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UCM’s Department of Aviation has enjoyed an outstanding safety record with its fleet of training aircraft. For more than 28 years, Rod McLaughlin has played an instrumental role in helping to make this possible through his work at Max B. Swisher Skyhaven Airport. McLaughlin has retired as director emeritus of aircraft maintenance.
After working as an aircraft mechanic for Star Aero in Warrensburg for three years, he took a job with the university in 1979 as assistant chief of maintenance, and was promoted to chief of maintenance in 1994.
While serving the university, McLaughlin’s cast duties at the airport included hiring and supervising full-time and part-time employees, overseeing the scheduling of aircraft maintenance, ordering parts, controlling inventory, and assuring compliance with Environmental Protection Agency and Federal Aviation Administration regulations. He performed maintenance inspections on a fleet of about 40 aircraft ranging from single-engine Cessna training-type airplanes to the A90 King Air; supervised all production activities in the airframe, powerplant, and components areas; and performed final airworthiness determination and release of all items to service.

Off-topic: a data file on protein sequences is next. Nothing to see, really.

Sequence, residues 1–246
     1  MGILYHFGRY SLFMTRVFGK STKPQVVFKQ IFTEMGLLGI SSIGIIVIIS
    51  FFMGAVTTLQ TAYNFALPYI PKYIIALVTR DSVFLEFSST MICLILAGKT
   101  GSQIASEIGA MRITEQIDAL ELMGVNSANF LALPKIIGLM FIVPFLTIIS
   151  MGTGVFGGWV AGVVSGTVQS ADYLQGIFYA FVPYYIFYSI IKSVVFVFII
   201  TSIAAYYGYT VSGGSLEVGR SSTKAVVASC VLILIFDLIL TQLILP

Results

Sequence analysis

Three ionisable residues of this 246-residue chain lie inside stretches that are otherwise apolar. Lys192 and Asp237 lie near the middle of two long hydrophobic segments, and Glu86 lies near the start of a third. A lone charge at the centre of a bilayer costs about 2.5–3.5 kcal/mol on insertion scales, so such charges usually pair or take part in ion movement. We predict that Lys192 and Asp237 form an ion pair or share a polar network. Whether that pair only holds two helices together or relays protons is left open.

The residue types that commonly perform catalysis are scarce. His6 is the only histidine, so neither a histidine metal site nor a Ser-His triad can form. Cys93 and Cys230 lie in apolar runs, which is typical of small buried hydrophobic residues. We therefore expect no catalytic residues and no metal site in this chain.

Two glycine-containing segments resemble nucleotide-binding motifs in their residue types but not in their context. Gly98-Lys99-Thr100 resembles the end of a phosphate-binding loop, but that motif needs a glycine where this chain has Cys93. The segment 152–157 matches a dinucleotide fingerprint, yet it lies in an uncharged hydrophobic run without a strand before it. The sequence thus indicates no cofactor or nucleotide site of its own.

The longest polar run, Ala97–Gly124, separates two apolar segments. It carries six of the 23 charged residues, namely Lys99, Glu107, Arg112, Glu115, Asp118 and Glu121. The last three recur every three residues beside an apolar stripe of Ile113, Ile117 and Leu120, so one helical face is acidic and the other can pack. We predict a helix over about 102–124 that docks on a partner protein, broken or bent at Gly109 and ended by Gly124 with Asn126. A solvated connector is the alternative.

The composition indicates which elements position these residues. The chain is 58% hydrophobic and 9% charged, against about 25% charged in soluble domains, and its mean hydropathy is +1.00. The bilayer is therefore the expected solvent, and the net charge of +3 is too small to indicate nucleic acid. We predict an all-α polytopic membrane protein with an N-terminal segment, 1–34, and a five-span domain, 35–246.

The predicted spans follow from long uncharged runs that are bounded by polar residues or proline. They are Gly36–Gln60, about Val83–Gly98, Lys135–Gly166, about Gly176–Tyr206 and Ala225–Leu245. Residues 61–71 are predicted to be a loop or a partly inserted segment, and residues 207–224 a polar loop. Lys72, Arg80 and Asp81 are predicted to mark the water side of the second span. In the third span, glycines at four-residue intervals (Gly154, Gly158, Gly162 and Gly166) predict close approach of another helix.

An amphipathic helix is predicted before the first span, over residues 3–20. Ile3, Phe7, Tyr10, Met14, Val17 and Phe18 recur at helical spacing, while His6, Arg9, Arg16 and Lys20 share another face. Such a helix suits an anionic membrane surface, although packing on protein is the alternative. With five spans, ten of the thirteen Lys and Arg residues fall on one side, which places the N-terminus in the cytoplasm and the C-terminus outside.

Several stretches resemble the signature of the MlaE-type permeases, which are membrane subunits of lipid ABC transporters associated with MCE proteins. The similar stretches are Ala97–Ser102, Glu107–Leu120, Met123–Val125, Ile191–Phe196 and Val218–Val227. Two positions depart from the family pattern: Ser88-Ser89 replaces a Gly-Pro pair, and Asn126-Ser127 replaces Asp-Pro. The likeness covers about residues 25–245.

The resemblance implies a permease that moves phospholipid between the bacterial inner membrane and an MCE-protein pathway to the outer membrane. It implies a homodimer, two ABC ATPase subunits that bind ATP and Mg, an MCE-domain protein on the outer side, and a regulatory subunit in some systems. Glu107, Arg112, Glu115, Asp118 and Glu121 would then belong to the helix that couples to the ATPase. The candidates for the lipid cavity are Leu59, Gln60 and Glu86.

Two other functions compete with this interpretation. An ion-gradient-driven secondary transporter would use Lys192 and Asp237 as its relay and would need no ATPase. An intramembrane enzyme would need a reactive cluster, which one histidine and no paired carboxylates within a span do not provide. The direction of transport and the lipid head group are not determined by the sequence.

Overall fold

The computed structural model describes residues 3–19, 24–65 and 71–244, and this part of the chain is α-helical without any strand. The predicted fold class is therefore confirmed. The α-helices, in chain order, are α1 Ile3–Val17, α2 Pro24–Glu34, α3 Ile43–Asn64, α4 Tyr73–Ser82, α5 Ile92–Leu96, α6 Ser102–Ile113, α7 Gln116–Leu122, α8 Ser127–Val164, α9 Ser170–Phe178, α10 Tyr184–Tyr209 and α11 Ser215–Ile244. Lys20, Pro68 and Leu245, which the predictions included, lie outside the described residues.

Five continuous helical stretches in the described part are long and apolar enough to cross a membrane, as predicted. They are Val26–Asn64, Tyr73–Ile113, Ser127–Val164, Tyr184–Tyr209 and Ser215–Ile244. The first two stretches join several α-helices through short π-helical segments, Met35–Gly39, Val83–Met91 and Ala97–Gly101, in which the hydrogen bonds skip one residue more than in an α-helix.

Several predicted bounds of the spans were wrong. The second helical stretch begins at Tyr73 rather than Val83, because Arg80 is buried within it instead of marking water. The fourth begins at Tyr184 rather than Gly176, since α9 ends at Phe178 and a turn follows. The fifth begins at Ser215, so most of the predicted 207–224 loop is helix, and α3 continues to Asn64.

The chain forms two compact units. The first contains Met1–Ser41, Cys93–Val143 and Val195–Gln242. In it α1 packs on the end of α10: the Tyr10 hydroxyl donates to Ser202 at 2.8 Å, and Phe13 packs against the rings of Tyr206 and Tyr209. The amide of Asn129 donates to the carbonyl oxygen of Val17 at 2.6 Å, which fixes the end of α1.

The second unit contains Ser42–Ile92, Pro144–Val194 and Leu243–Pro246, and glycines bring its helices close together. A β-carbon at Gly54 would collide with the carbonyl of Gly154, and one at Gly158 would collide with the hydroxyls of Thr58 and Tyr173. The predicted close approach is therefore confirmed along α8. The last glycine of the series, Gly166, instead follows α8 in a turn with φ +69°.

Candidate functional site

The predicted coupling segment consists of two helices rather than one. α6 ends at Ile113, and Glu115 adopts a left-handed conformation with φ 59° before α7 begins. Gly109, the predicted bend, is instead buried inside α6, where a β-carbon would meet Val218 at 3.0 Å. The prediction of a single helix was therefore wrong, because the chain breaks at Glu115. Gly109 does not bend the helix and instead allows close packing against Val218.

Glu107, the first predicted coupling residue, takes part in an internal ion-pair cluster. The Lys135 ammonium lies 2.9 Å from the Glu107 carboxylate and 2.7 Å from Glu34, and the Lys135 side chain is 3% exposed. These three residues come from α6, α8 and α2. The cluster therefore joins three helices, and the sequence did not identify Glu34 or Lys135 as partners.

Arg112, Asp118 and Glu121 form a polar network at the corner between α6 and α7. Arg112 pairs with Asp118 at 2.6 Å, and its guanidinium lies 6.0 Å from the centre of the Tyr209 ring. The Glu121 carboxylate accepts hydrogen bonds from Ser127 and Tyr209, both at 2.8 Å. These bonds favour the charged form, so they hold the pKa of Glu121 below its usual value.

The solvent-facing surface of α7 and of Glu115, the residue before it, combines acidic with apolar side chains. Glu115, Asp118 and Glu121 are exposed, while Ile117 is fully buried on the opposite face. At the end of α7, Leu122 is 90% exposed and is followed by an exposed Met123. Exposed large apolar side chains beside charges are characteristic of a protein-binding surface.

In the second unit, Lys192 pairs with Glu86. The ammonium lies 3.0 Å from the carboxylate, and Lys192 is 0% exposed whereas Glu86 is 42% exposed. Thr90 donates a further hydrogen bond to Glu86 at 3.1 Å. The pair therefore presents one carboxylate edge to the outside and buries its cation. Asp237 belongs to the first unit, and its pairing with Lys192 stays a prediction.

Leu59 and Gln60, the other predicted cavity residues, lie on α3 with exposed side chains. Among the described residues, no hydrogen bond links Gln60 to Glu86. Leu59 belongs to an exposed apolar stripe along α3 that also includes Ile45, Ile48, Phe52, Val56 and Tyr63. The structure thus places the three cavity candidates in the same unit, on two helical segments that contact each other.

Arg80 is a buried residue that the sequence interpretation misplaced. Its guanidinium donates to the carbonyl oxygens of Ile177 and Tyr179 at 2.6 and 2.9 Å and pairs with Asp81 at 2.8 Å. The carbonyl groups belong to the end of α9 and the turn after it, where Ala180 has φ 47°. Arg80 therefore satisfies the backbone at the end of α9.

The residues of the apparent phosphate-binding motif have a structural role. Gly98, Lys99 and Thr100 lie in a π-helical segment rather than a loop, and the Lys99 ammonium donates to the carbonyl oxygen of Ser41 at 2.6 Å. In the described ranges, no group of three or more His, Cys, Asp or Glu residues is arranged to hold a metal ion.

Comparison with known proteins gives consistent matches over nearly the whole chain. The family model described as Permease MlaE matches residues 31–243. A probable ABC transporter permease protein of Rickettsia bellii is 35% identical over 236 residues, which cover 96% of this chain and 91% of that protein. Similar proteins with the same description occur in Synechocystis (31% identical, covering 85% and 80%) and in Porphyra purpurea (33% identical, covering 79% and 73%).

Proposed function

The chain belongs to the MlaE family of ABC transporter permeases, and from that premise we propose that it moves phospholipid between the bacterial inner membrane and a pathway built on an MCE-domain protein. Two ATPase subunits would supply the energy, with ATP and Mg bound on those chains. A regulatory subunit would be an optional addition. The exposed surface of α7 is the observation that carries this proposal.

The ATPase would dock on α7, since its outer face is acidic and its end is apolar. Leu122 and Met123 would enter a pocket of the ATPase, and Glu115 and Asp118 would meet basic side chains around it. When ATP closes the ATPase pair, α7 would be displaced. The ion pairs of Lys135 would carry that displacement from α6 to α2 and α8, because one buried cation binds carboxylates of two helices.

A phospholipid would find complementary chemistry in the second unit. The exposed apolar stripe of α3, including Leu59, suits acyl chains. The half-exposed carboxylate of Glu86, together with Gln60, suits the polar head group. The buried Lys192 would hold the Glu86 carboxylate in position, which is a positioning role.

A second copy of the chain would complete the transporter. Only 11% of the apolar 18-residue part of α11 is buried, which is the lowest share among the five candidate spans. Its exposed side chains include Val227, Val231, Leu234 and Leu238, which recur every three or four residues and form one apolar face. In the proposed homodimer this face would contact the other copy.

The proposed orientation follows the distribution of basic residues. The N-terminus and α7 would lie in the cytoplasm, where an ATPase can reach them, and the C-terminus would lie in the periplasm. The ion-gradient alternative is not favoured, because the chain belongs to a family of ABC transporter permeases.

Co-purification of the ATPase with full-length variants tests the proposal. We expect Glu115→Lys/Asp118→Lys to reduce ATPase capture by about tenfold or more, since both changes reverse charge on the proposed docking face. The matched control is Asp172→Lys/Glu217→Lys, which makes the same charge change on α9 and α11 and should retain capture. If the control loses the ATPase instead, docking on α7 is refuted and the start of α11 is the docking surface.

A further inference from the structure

In addition to ensuring that the university’s air fleet was in top-notch condition, McLaughlin served since 1995 as an instructor of airframe and powerplant courses for UCM’s Extended Campus.
Over the years, he has been active in groups such as the Antique Aircraft Association and the Cub Club, while also earning numerous professional certifications in his field.
McLaughlin attended high school in Addis Ababa, Ethiopia, and is a UCM alumnus. He furthered his professional career through opportunities such as Flight Safety King Air A90 Training, Pratt & Whitney PT6-20 Training, and the Beech 76 School.